“Default risk  is the chance that the bond’s issuer may fail to make the promised payment.” (p. 142)

Money, Banking, and the Financial System, First Edition
R. Glenn Hubbard; Anthony Patrick O’Brien
Publisher: Prentice Hall
Copyright year: © 2012 Pages: 640
ISBN-10 0-13-255348-1
ISBN-13 978-0-13-255348-3
ISBN-10 0-13-255345-7
ISBN-13 978-0-13-255345-2

“For example, before mortgage loans were securitized, the risk that the borrower would default, or stop making payments on the loan, was borne by the bank or other lender. When a mortgage is bundled together with similar mortgages in mortgage-backed securities, the buyers of the securities jointly share the risk of a default. Because any individual mortgage represents only a small part of the value of the security in which it is included, the buyers of the securities will suffer only a small loss ifa borrower defaults on that individual mortgage.” (p. 14)

“In 2008 and early 2009 bond prices fell due to the fears of investors that the slumping U.S. economy raised the risk that some companies would default and cease to make interest payments on their bonds. As this chapter explained, one reason interest is charged on loans is to compensate for default risk. ” (p. 79)

Foundations of Financial Markets and Institutions, Fourth Edition
Frank J. Fabozzi; Franco Modigliani; Frank J. Jones
© 2010 Prentice Hall, 696 pages
0-13-613531-5, 978-0-13-613531-9, 0-13-611810-0, 978-0-13-611810-7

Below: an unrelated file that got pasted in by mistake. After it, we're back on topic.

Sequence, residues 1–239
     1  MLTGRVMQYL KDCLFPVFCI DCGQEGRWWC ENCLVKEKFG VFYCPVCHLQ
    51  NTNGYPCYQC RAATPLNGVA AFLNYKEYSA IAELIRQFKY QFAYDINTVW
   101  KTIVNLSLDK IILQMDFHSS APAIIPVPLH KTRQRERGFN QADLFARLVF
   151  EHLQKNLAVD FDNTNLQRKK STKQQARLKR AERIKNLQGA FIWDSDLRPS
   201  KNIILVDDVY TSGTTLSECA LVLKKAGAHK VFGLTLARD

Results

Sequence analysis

“The second is the risk that the issuer or borrower will default on the obligation. This is called credit risk, or default risk.” (p. 4)

“Credit risk, also called default risk, refers to the risk that a borrower will default on a loan obligation to the depository institution or that the issuer of a security that the depository institution holds will default on its obligation. Regulatory risk is the risk that regulators will change the rules so as to adversely impact the earnings of the institution.” (p. 40)

The Economics of Money, Banking, and Financial Markets, Tenth Edition
ISBN-13:  978-0-13-277024-8
Author(s): Frederic S. Mishkin
eText: ISBN-10 0-13-277097-0, ISBN-13 978-0-13-277097-2
Print: ISBN-10 0-13-277024-5, ISBN-13 978-0-13-277024-8
Publisher: Prentice Hall
Copyright year: © 2013 Pages: 720

“They are also the safest money market instrument because there is almost no possibility of default, a situation in which the party issuing the debt instrument ( the federal government in this case) is unable to make interest payments or pay off the amount owed when the instrument matures.” (p. 31)

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About Tony Lima

Retired after teaching economics at California State Univ., East Bay (Hayward, CA). Ph.D., economics, Stanford. Also taught MBA finance at the California University of Management and Technology. Occasionally take on a consulting project if it's interesting. Other interests include wine and technology.

2 Replies to “Lazy NPR Reporter Can’t Be Bothered to Check Facts”

  1. 43

    It seems to me the lazy one here is somebody who is using a “dictionary” definition from Wikipedia (ha ha ha!) to interpret a semantic discussion (NOT a fact check) about the meaning of a financial term of art used to refer not just to loans but to any failure to meet a contractual obligation.

  2. admin

    Ordinarily I would not even approve an anonymous entry. But, thanks to Facebook, I have a pretty good idea who wrote this comment. Please see my addition to the original article. And next time, read the “About” page before you shoot off your big mouth.